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    Reading Hegel Right

    READING HEGEL RIGHT is less a review of Hegelian philosophy as it is a review of Stausian criticism of Hegel that sodme might enjoy reading.

    Hegel writes in his 1795 essay “The Positivity of the Christian Religion” that “the supplanting of paganism by Christianity is one of those remarkable revolutions whose causes the thoughtful historian must labor to discover.” ...In the Lectures on the Philosophy of History, delivered at the University of Berlin in the 1820s, Hegel outlined how Christianity actualized an idea of human freedom that was inconceivable to pagan civilizations: “Eastern nations knew only that one is free; the Greek and Roman world only that some are free; while we [Christians] know that all men absolutely . . . are free.”

    One implication of Hegel’s theory of history is that no return to paganism is possible, however much we might admire aspects of the ancient world. Philosophers who seek a return to antiquity must address the challenge of Hegel.

    Readers familiar with Leo Strauss may be surprised, therefore, by the seminar on Hegel’s Lectures on the Philosophy of History that he gave at the University of Chicago in 1965. On the few occasions that Strauss mentions Hegel in works intended for publication, the reader gets the unmistakable impression that Hegel’s philosophy initiated the doctrine of historicism. In Strauss’s view, historicism undermined political philosophy by dismissing the idea of a transcendent truth that exists apart from history.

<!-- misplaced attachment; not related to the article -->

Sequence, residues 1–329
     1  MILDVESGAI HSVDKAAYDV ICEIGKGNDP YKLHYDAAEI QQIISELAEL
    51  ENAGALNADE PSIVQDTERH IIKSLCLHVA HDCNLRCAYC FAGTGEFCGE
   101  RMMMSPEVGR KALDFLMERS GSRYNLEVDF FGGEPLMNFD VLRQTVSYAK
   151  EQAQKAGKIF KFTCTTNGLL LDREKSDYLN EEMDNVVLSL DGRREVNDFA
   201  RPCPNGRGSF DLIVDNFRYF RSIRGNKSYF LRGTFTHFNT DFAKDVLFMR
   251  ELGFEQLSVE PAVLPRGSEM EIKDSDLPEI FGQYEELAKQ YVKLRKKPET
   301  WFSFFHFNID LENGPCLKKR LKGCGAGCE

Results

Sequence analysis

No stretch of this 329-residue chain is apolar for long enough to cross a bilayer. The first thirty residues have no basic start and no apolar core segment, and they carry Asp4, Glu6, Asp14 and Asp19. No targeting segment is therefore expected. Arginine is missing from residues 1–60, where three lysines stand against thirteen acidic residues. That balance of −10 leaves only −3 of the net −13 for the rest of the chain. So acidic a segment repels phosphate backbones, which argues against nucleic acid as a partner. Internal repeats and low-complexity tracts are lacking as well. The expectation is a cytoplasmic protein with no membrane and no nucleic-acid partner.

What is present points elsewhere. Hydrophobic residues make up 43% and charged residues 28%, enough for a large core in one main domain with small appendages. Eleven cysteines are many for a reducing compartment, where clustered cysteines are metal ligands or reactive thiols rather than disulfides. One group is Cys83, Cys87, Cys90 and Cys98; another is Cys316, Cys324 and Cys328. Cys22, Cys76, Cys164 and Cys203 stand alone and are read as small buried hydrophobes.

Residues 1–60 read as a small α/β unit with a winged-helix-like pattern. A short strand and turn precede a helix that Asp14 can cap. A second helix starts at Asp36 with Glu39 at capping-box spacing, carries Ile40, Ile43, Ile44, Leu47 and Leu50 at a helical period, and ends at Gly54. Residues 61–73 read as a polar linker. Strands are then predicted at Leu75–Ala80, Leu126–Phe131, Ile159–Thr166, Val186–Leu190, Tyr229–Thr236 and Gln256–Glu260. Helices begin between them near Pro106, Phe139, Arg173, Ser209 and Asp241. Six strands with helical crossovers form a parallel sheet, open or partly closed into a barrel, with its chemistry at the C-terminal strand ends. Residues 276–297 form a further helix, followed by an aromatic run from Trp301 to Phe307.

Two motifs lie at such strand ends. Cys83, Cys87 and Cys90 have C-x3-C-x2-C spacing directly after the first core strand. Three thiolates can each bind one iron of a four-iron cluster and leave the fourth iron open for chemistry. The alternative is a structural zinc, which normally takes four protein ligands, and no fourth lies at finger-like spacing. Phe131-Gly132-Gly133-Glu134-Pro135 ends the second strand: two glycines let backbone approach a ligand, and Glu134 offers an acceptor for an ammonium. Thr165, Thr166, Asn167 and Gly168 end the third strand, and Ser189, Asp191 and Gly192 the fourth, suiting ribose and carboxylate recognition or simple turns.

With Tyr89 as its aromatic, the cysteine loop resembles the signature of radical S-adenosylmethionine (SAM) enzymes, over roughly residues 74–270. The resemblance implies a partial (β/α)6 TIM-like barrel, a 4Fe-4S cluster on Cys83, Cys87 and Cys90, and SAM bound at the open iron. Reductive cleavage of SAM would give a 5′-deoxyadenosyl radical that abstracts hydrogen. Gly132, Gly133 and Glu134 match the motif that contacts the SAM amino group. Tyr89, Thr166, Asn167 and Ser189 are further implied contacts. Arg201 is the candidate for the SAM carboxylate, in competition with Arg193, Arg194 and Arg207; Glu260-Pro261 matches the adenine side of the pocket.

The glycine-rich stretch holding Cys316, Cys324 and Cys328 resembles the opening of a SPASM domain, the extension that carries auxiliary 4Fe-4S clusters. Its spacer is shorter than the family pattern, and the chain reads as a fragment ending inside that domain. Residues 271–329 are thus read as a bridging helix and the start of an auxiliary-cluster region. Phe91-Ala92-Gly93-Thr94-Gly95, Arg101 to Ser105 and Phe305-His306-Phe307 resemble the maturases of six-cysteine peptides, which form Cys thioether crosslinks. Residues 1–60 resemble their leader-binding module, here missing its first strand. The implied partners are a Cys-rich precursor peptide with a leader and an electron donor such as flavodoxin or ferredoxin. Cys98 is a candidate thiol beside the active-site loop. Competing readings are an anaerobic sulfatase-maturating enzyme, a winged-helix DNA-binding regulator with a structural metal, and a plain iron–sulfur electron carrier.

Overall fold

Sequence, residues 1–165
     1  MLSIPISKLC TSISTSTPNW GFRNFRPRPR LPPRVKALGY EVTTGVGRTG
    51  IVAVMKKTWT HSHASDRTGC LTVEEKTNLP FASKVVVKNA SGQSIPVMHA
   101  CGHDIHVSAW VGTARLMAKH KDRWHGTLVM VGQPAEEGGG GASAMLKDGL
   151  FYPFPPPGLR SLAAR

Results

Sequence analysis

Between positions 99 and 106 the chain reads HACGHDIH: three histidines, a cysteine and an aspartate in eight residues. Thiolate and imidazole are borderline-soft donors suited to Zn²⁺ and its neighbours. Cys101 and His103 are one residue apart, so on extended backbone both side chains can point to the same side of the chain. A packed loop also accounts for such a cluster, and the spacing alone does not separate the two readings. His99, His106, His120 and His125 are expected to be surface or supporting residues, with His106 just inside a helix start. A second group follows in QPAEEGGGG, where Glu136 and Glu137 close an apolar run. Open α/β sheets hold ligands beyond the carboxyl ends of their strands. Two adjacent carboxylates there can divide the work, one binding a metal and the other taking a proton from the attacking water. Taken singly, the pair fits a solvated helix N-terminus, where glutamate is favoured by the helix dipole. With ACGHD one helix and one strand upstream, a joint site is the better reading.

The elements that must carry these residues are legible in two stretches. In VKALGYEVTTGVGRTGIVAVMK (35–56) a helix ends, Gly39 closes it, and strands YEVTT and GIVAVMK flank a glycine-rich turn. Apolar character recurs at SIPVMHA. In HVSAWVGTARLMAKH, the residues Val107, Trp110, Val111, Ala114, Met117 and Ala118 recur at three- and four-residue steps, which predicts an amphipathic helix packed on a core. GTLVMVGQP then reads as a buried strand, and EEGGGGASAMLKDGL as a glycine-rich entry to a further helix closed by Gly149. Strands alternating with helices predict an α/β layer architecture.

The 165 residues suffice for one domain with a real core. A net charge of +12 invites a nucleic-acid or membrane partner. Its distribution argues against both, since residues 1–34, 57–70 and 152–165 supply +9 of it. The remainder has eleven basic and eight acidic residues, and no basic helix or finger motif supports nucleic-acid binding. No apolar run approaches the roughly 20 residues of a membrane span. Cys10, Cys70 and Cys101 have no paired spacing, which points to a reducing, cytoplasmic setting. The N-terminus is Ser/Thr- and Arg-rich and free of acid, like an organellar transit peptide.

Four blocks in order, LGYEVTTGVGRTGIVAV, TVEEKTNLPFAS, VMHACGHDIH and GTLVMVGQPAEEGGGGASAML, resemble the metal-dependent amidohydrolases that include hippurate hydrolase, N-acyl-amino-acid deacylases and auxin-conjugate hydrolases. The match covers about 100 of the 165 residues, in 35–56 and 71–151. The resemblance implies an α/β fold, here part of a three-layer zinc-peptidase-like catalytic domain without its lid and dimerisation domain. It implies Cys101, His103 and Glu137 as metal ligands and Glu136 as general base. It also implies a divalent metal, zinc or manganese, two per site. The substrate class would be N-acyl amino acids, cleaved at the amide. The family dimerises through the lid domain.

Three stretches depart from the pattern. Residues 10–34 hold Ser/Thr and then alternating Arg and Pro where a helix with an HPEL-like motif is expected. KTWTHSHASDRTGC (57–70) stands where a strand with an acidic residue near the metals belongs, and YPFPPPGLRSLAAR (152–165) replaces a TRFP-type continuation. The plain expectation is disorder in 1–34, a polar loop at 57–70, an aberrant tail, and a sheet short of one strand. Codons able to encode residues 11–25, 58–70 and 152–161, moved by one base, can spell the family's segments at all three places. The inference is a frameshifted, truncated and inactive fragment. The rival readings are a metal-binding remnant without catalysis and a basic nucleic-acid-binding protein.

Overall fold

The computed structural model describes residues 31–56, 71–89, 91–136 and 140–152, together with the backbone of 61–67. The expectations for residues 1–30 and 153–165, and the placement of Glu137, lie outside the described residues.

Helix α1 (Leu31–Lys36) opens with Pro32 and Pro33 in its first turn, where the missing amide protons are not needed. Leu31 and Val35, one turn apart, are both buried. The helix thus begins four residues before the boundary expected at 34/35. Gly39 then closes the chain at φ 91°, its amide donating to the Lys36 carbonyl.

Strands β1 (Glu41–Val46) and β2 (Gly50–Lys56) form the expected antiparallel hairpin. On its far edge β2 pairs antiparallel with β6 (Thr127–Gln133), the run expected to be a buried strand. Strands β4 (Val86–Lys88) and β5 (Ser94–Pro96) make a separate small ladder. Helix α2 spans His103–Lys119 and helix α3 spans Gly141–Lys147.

Yet in this seminar the reader is treated to a Strauss who appreciates Hegel, even though he offers incisive criticisms. Strauss sympathizes with Hegel’s distinction between ancient Greek paganism and the biblical tradition—one that parallels Strauss’s distinction between “Athens” and “Jerusalem”—despite misgivings about his philosophy of progress as revealed through the movement of history.

    ...
    The last few paragraphs touch on these matters in Francis Fukuyama The End of History and the Last Man and his later In Trust: The Social Virtues and the Creation of Prosperity.
    Edmund Burke: "In vain you tell me that Artificial Government is good, but that I fall out only with the Abuse. The Thing! the Thing itself is the Abuse!"

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    Uh oh.....history. Cmon man, the left can't handle to much reality.
    History does not long Entrust the care of Freedom, to the Weak or Timid!!!!! Dwight D. Eisenhower ~

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